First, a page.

Nigerian construction industry is in an excellent position at the moment. The forecast for the sector is continued growth for at least the next five years, and in 2020 it is predicted to become the fastest-growing building industry in the world.
Recently construction expert Ivan Bekker – a UCT graduate (1972) spoke with recruitlink.co.za on the future’s biggest construction markets in the world and how they differ to that of South Africa. Here is the excerpt.
What are the differences between the South African and Nigerian Construction and Built Environment industries?
• Quality assurance and Quality Control are major factors which are NOT addressed adequately in Nigeria and in my opinion will manifest as disasters in the decades to come and until this is properly addressed.
• Many smaller companies do not follow adequate QA/QC protocols, whereas the larger companies are acutely aware, as this can affect their continued profitability and presence in the industry.
• Many larger projects are designed by the larger international consultants, many of whom are active in Nigeria and West Africa in general, however some projects are designed inadequately and need to be checked and detailed before construction can be safely carried out.
What can the South African industry learn from the Nigerians?
Whilst the Nigerian industry is fairly well-developed and there are first world top class contractors here, the majority of work is carried out below par, due to lack of control in terms of QA/QC. In terms of expertise, materials and machines, one can obtain anything you need. In spite of all of this, there is not much that Nigeria can teach South Africa. Design and Construction in swamps is something that South Africans know little about, but which Nigerians know a lot about.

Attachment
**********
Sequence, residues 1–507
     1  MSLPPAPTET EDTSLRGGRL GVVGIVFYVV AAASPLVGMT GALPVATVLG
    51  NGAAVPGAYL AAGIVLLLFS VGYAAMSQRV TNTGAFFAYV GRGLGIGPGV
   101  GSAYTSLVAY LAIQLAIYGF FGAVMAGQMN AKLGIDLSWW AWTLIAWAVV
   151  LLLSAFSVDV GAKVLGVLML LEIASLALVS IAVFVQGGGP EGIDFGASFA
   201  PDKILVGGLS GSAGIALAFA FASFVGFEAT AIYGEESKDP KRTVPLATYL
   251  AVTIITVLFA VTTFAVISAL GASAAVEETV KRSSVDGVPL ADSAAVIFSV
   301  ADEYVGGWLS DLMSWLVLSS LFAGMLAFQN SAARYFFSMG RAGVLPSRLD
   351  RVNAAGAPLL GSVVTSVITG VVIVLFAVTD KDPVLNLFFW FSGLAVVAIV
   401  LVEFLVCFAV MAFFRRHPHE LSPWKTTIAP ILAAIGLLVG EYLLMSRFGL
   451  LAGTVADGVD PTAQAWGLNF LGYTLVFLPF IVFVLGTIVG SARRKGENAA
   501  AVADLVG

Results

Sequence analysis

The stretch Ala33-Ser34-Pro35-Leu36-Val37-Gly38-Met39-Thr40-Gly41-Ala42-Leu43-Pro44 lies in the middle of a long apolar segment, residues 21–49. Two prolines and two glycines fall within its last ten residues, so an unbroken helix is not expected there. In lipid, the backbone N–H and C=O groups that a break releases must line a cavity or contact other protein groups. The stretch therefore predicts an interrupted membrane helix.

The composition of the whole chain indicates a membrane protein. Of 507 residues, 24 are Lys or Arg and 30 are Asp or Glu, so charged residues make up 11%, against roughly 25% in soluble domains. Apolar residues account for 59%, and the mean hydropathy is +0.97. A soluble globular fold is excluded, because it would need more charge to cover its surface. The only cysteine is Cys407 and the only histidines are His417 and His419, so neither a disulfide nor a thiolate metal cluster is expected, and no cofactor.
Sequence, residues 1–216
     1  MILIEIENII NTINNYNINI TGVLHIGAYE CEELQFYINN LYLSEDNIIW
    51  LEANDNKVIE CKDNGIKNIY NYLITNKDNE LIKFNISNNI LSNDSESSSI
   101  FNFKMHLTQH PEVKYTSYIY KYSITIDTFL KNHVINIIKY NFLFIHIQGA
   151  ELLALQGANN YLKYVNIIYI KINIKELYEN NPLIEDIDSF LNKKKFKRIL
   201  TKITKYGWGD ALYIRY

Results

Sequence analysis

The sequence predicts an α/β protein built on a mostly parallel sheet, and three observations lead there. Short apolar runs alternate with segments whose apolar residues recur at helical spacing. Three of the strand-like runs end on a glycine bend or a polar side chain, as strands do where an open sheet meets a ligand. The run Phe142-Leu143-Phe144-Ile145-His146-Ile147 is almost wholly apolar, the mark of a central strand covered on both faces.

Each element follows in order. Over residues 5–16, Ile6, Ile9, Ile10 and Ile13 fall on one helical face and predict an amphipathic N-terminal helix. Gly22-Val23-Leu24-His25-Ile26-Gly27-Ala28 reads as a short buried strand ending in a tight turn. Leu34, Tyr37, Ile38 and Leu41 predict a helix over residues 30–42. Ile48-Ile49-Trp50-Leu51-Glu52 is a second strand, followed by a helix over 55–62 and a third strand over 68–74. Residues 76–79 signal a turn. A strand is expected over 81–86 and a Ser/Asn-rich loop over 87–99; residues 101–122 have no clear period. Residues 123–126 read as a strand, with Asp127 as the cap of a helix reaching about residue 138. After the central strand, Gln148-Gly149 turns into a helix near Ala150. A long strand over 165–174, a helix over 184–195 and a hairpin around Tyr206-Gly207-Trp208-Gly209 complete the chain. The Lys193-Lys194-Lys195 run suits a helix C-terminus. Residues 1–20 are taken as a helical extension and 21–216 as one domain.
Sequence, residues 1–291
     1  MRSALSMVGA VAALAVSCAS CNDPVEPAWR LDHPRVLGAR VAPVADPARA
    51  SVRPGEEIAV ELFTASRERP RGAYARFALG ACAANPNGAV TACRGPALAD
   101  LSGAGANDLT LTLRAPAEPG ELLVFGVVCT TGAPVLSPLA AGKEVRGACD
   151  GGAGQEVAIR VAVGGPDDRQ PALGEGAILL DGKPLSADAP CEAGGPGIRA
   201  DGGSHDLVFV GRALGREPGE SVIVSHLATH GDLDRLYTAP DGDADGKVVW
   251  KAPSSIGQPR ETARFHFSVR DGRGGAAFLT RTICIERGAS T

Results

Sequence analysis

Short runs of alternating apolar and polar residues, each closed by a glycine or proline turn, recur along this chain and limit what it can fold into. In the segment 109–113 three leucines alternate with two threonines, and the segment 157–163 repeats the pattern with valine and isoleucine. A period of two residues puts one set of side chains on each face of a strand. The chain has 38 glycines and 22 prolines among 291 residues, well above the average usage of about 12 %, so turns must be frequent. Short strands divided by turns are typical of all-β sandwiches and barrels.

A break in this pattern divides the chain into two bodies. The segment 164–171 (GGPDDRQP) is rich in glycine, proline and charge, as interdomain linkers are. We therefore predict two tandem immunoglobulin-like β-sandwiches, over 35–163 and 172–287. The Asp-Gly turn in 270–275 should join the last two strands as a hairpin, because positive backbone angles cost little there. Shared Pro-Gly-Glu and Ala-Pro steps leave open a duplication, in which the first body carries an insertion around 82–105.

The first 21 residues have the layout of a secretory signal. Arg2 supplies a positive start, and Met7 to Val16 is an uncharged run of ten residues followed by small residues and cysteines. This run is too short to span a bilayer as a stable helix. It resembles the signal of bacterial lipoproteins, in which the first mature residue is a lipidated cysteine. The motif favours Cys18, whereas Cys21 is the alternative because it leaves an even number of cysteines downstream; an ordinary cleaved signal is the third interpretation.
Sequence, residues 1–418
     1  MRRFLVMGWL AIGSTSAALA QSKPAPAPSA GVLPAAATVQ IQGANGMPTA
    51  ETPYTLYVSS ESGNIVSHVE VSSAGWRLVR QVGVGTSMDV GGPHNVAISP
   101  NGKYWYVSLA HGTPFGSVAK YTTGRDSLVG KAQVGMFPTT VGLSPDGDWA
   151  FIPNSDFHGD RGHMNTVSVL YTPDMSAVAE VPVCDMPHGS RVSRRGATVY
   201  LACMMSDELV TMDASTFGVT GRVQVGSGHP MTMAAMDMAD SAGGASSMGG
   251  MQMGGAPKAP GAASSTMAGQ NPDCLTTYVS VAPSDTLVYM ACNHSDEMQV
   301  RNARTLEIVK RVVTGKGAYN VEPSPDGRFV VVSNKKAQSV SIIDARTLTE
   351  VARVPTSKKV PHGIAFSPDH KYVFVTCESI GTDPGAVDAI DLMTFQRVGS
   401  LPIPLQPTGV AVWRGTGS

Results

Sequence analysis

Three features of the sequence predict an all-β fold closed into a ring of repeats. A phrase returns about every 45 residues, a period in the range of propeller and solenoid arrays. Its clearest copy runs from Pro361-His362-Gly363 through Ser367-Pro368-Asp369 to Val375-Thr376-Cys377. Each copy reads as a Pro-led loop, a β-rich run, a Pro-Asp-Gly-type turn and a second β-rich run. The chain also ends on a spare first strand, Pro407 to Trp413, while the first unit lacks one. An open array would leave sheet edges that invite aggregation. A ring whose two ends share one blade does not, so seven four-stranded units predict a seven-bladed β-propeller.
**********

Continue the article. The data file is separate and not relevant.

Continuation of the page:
What can the Nigerians learn from South Africans?
In my opinion, the only thing Nigeria lacks is the wealth of experience that has been collected and learned by companies and professionals in South Africa over many decades of first class infrastructure development. So the Nigerian industry can learn from individuals coming from South Africa and I have found that most local individuals are keen to learn from this experience and apply, and if necessary adapt for local conditions and implement it locally. One has to bear in mind that there is a wealth of knowledge in Nigeria from expats but more importantly from Nigerians who have lived, studied and worked in Europe and the USA and who have returned to grow their own country.
What are the challenges current facing Nigerian Construction and Built Environment industries?
I would say that the major problem is the economy and therefore cash flow. I venture to say that after considering all the aspects challenging contractors across the board, many Nigerian clients are on the whole not regular paying clients, which pose major problems to cash flow and therefore profitability of projects. One therefore has to be ruthless in employment, from senior to junior staff, which makes the industry very “feast and famine”.
Who are the major players in Nigeria in the Construction and Built Environment industries?